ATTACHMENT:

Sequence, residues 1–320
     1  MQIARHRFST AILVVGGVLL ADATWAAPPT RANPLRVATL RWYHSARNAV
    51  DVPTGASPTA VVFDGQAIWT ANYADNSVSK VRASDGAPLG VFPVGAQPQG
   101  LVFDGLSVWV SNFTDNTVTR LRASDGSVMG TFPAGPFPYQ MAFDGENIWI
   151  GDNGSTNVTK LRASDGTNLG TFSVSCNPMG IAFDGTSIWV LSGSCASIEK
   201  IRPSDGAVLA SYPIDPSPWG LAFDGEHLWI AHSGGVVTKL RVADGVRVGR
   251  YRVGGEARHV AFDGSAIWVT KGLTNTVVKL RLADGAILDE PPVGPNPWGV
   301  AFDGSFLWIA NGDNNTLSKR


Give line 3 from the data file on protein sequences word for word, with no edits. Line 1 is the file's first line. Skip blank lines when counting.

    51  DVPTGASPTA VVFDGQAIWT ANYADNSVSK VRASDGAPLG VFPVGAQPQG